I am currently single and live alone in my newly purchased Seattle condo.
I do not have any children. I am in regular contact with my family by phone, and I try to get to family events (i.e., graduations, holidays, reunions, etc.) as often as possible. I am usually the organizer for family reunions that take place every year.
What do you do for work?
I work as an engagement and adherence specialist for African Americans living with HIV/AIDS at a large public clinic. I also provide consultant services to a local faith-based organization by teaching clinicians and community members skills for providing HIV-related services to African Americans. I serve as vice-chair for the Washington State Governor's Advisory Council on HIV/AIDS. We meet every other month and provide advice to our governor on HIV/AIDS policy matters. I have been serving in this capacity for almost seven years under two different governors.
What do you do in your spare time?
In my spare time, I do remodeling work in my condo, I travel, I bike and I spend time with friends.
Are you a religious or spiritual person? Do you attend a church?
I do not consider myself a religious person, but a spiritual person. I was never able to connect with traditional religions because of the negative messages that so many of them teach. I was led to my current spiritual practices as a result of my own drug and alcohol recovery. I've been clean and sober for over 20 years and learned spiritual practices through 12-Step programs. I've also been exploring Buddhist teachings. I find that spiritual practices need not be elaborate nor guilt based to be effective. I've found so much happiness through my own simplicity, which I never found in any religion.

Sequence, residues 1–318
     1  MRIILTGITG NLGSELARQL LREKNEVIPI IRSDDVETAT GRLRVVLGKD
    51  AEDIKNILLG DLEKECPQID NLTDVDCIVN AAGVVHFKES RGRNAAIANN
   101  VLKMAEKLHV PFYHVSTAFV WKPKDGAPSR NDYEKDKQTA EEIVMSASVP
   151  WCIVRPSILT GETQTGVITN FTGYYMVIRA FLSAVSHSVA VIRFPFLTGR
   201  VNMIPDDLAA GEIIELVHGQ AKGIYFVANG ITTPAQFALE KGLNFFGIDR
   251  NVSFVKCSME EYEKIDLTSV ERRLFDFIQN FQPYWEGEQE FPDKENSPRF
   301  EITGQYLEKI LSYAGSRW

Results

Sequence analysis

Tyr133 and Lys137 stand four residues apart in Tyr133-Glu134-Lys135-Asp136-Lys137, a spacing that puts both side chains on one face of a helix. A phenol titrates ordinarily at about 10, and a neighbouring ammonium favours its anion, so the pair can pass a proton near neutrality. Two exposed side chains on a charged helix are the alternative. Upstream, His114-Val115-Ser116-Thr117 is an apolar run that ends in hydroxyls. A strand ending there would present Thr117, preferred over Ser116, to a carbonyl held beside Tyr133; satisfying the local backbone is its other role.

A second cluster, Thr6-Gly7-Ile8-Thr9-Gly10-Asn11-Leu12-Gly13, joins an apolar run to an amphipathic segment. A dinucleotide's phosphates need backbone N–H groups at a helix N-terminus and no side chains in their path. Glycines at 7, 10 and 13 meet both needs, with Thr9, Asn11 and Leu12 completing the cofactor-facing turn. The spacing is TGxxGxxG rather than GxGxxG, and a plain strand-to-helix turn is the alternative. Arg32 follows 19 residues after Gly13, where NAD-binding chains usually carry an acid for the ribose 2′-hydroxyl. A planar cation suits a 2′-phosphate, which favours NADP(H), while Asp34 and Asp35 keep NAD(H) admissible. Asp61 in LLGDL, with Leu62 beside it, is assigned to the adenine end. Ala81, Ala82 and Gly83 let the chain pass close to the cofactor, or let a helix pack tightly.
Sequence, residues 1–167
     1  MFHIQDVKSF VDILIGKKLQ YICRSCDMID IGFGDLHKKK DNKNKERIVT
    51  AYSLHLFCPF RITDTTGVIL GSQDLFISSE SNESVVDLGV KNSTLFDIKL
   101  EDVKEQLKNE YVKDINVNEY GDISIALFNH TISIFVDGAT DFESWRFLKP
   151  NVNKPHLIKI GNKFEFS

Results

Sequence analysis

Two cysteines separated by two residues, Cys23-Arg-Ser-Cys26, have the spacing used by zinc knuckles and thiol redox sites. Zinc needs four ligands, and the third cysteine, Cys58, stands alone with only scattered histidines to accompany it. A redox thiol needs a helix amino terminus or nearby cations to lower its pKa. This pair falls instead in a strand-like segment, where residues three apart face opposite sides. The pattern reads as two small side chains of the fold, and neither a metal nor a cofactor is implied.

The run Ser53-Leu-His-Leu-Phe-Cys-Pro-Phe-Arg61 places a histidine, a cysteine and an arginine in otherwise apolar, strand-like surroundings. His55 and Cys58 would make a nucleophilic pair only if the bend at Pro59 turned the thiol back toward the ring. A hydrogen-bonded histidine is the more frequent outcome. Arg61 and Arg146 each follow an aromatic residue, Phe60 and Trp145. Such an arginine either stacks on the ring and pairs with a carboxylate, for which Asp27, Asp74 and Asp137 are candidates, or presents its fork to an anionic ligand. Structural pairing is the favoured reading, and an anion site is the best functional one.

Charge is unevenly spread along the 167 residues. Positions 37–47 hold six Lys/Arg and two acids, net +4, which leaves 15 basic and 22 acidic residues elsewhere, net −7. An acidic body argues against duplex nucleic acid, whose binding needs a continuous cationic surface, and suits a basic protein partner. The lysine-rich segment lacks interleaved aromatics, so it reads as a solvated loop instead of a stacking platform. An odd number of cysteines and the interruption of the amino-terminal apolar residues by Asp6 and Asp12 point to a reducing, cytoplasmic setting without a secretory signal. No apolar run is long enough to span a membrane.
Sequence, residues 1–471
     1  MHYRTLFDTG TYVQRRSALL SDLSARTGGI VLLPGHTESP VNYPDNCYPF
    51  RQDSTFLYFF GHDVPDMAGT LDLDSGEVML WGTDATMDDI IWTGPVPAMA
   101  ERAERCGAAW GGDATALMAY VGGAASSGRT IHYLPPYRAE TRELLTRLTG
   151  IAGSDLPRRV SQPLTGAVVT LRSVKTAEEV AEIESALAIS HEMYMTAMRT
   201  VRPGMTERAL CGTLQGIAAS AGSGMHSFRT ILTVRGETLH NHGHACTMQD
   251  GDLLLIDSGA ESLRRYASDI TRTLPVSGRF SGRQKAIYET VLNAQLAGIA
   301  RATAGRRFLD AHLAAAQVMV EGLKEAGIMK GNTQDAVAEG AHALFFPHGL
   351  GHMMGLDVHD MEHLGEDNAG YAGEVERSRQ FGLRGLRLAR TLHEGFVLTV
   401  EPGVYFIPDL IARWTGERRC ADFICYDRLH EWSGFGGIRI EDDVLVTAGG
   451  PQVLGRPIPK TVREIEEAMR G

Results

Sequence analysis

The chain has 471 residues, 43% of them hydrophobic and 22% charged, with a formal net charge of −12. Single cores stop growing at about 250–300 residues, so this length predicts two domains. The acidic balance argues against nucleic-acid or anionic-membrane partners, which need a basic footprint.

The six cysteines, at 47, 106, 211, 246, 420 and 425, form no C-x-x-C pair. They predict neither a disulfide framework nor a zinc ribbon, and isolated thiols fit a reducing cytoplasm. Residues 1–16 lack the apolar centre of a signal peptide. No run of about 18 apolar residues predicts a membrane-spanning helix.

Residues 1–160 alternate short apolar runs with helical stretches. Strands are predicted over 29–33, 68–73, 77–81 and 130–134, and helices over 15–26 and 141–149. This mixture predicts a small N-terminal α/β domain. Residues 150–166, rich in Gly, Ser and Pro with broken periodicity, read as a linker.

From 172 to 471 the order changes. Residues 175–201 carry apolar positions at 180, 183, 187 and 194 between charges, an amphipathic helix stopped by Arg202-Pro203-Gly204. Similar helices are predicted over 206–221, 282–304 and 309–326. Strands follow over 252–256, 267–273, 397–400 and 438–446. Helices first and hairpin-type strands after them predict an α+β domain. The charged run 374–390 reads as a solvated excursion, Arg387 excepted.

When did you first realize that you were African American?
The town where I grew up helped to shape my identity as an African American by instilling in me black culture. So, when I left home to attend college, all of a sudden I became a minority because I was at a state university with very few black students.
How have you learned to deal with racism?
Over time, as I became more educated and enlightened, I began to understand racism. I dealt with racism by ignoring it. As I've aged, I deal with racism by continuing to talk about it and point it out when I see it. I also learn to deal with it by associating myself with other enlightened people for support.